As a follow-up to the lecture I gave in the Master in Youth Marketing, on September 22nd and 23rd, I offer you a summary note on the regulatory evolutions that are being prepared at the European level concerning the chemical compounds present in certain products likely to affect the well-being of children. I continue to decipher the evolution of the regulatory aspects that youth marketing professionals need to be aware of. I will come back soon for a new update!
EU CHEMICALS STRATEGY FOR SUSTAINABILITY
The European Commission published a chemicals strategy for sustainability on 14 October 2020, in which they present their 7 steps plan to:
- Extend the generic approach to risk management to ensure that consumer products – including, among other things, food contact materials, toys, childcare articles, cosmetics, detergents, furniture and textiles do not contain chemicals that cause cancers, gene mutations, affect the reproductive or the endocrine system, or are persistent and bioaccumulative;
- Ensure the safety of children from hazardous chemicals in childcare articles and other products for children (other than toys) to provide the same level of protection as in toys, through the mandatory legal requirements of the General Product Safety Directive and restrictions in REACH;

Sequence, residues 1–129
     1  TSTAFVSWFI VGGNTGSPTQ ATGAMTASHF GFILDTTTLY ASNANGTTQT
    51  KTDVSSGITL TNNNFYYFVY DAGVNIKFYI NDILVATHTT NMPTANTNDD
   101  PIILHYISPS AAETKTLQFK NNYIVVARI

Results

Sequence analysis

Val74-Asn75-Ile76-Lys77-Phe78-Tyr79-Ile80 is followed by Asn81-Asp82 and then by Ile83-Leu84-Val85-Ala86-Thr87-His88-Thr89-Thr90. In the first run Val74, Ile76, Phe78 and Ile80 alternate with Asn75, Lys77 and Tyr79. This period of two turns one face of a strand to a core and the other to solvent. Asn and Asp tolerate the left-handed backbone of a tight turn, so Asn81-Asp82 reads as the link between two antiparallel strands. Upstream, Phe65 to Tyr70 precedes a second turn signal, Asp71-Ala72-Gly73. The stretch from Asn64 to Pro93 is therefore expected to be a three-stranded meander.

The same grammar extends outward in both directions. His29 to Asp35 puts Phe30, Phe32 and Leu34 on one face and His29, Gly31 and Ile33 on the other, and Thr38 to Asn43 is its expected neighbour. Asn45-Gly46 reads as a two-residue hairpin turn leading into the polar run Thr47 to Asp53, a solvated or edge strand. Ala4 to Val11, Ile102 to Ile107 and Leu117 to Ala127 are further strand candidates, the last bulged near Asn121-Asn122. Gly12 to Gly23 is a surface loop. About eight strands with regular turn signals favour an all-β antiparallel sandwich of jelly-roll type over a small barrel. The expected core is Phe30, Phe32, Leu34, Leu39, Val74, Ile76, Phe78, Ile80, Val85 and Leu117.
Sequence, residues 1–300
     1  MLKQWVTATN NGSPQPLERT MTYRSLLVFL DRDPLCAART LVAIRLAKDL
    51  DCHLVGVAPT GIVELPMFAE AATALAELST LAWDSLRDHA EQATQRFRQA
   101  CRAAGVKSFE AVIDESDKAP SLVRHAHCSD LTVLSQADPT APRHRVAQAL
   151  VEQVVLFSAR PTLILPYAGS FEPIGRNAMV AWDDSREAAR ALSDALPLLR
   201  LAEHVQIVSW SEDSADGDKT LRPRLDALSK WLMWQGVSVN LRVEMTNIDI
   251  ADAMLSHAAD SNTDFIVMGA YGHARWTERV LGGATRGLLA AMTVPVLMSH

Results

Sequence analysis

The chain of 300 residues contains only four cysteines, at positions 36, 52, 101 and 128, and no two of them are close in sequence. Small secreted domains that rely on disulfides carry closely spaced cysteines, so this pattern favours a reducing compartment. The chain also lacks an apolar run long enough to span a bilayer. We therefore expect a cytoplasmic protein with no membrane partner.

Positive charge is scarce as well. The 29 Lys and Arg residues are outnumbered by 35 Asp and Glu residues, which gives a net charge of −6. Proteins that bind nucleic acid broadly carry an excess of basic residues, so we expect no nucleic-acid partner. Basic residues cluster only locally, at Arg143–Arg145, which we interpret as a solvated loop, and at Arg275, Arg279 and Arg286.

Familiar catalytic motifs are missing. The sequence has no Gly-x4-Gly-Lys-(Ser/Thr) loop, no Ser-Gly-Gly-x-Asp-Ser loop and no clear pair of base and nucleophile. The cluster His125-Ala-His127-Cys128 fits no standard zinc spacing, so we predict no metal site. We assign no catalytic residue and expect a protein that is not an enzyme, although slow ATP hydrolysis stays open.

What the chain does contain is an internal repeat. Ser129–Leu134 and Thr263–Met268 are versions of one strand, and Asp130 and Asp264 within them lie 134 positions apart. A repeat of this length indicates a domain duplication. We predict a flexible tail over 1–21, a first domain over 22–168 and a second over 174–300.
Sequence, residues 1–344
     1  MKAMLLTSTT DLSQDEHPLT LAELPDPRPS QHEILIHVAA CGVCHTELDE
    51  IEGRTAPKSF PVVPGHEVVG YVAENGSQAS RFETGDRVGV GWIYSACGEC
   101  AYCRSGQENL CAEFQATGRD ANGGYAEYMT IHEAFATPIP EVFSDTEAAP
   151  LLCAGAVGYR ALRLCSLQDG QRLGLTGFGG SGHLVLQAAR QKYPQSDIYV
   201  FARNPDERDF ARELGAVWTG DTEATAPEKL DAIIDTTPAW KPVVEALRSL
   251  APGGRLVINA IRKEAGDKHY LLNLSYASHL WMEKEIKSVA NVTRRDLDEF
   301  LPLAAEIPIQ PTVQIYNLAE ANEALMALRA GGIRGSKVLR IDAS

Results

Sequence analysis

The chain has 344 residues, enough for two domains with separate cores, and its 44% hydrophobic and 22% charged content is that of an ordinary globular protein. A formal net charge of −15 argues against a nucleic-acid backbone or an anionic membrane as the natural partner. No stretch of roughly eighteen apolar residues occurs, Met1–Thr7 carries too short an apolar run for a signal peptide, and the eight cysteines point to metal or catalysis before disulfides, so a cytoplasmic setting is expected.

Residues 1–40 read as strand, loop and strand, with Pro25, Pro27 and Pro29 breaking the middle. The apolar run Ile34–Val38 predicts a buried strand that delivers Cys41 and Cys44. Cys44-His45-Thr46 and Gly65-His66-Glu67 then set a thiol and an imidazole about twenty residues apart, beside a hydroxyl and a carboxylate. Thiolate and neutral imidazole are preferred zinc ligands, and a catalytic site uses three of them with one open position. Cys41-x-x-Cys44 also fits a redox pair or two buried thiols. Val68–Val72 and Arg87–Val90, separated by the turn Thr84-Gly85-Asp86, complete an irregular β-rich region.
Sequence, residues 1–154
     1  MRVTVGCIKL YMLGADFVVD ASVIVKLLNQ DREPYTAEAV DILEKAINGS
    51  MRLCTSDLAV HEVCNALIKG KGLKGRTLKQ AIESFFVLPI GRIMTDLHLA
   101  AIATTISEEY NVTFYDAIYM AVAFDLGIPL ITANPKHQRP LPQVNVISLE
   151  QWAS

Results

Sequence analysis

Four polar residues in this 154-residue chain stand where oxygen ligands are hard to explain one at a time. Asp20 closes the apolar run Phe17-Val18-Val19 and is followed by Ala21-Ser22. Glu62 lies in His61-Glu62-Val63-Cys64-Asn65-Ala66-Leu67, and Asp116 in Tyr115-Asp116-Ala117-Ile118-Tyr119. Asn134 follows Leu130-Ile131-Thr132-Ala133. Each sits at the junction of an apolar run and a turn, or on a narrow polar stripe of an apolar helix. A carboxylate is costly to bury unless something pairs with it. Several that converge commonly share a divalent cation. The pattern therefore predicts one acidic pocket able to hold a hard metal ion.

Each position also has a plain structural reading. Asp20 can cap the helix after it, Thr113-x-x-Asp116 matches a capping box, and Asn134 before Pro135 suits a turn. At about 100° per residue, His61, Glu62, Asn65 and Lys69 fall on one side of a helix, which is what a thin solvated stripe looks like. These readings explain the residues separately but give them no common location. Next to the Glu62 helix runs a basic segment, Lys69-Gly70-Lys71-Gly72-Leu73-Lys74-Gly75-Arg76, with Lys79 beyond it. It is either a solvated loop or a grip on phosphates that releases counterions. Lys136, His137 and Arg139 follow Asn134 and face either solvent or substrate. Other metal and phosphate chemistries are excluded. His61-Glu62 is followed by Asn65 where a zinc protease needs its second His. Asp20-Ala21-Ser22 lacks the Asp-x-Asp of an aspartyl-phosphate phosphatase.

- Extend to professional users under REACH the level of protection granted to consumers;
- The right to health for children will also be addressed in the upcoming “EU Strategy on the right of the child”, to be published in the 1st Quarter 2021;
- Use the CLP Regulation, which aligns the European Union system of classification, labelling and packaging of chemical substances and mixtures to the Globally Harmonized System, as the central piece for hazard classification;
- Oblige certain polymers to become subject to REACH registration;
- As the large majority of chemically unsafe products being sold in the EU are imported and sold on online platforms, the Commission will search for measures to extend the application of REACH to these products.